Merck Manual

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Combination Cancer Therapy

By

Robert Peter Gale

, MD, PhD, Imperial College London

Last full review/revision Sep 2020| Content last modified Sep 2020
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Cancer drugs are most effective when given in combination. The rationale for combination therapy is to use drugs that work by different mechanisms, thereby decreasing the likelihood that resistant cancer cells will develop. When drugs with different effects are combined, each drug can be used at its optimal dose, without intolerable side effects. (See also Cancer Treatment Principles.)

For some cancers, the best approach is a combination of cancer surgery, radiation therapy, and chemotherapy or other cancer drugs. Surgery or radiation therapy treats cancer that is confined locally, while cancer drugs also kill the cancer cells that have spread to distant sites. Sometimes radiation therapy or drug therapy is given before surgery to shrink a tumor, thereby improving the opportunity for complete surgical removal (this technique is called neoadjuvant therapy). Radiation therapy and/or drug therapy given after surgery (called adjuvant therapy) help to destroy any remaining cancer cells.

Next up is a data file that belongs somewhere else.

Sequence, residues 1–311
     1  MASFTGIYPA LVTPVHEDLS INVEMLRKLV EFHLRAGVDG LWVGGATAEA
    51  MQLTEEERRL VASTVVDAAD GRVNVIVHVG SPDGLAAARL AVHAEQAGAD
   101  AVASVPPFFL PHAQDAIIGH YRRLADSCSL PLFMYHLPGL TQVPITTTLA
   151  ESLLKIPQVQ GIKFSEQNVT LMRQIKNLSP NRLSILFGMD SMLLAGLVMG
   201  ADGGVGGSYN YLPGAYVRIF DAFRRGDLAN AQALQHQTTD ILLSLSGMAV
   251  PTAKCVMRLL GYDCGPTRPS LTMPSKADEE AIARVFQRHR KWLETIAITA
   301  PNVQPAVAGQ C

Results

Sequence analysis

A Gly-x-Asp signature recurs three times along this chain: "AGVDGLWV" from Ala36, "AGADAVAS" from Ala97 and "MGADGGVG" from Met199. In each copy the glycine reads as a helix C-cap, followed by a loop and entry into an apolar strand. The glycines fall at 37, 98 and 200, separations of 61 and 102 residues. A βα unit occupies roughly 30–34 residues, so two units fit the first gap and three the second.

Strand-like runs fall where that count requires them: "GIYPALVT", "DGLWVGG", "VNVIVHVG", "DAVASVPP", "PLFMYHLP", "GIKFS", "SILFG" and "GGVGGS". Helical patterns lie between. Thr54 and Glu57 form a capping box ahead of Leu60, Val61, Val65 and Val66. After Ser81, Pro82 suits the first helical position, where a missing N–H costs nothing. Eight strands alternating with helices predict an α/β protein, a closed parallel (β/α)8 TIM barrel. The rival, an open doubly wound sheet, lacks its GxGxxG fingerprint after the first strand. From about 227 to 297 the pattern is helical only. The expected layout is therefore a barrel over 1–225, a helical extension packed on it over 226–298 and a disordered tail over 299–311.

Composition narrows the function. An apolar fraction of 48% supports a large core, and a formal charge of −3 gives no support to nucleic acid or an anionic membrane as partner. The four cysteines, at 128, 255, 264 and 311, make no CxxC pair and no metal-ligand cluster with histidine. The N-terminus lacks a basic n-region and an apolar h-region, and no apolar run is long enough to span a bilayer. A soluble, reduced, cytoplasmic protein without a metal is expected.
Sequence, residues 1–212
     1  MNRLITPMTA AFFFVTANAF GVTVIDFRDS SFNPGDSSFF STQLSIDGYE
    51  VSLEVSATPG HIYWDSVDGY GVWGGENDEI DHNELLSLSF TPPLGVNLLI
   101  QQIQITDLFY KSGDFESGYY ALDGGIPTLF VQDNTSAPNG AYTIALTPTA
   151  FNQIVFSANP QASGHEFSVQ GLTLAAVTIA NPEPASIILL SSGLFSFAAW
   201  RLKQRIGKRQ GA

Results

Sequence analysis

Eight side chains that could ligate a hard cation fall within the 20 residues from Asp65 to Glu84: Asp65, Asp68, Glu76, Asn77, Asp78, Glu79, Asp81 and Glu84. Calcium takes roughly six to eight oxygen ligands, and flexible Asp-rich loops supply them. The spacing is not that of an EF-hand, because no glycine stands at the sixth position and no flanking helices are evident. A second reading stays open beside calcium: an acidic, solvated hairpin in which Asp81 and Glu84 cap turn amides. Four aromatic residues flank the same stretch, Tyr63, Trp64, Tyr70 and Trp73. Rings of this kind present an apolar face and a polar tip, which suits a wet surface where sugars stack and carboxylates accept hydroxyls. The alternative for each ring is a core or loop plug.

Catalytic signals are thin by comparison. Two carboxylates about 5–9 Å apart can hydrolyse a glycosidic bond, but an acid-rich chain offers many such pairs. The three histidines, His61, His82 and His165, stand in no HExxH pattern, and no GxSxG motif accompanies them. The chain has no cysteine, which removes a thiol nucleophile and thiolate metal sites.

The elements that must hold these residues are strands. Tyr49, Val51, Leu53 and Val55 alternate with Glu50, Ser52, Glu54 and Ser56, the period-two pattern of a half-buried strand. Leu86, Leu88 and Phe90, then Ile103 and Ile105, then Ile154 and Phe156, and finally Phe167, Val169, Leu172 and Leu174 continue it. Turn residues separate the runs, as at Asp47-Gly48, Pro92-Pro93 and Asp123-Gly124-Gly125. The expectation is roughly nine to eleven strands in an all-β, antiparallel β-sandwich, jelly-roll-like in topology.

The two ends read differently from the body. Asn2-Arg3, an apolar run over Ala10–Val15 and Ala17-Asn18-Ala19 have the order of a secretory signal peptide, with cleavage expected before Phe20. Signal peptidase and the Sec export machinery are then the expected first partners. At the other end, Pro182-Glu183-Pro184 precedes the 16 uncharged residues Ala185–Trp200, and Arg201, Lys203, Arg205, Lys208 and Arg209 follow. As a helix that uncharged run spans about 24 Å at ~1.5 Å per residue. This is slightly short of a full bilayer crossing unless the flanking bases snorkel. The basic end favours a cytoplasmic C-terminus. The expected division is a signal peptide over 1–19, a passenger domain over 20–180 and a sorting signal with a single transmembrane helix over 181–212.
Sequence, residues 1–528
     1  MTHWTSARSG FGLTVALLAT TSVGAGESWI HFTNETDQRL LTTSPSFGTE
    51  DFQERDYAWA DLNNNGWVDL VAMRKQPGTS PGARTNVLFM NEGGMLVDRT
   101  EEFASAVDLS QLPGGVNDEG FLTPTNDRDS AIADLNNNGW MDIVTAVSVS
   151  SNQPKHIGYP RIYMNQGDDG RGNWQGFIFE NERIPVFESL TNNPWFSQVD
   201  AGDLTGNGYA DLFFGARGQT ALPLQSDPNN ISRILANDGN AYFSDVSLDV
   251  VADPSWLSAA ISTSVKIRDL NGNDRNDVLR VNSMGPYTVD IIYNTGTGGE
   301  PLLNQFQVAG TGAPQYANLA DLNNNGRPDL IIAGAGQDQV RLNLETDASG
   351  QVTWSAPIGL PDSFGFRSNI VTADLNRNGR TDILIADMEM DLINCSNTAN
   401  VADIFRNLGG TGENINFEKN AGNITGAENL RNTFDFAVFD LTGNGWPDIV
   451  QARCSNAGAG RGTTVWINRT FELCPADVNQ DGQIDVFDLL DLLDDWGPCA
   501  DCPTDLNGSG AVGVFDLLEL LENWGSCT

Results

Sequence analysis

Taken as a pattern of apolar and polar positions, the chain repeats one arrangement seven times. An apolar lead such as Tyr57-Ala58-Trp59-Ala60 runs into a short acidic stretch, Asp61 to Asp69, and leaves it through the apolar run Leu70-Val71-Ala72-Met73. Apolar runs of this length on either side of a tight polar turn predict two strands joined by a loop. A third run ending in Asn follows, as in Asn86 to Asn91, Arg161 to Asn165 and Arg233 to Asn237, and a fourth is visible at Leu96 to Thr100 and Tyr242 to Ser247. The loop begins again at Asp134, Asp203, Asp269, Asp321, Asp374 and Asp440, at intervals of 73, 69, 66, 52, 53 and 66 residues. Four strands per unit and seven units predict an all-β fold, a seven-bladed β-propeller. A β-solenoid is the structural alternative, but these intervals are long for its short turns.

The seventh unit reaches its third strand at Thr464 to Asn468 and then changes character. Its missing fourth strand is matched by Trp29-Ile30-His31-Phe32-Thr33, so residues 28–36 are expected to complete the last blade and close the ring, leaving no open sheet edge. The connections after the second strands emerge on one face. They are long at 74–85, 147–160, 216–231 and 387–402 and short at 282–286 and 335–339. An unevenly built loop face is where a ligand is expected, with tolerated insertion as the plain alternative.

The stage and type of the cancer often determines whether single therapy or combination therapy is needed. For example, early-stage breast cancer may be treated with surgery alone or surgery combined with radiation therapy, drug therapy, or with all three treatments, depending on the size of the tumor and the risk of recurrence. Locally advanced breast cancer is usually treated with chemotherapy, radiation therapy, and surgery.

Sometimes combination drug therapy is used not to cure but to reduce symptoms and prolong life. Combination drug therapy can be useful for people with advanced cancers that are not suitable for radiation therapy or surgical treatment (for example, people with non–small cell lung cancer, esophageal cancer, or bladder cancer that cannot be completely removed by surgery).

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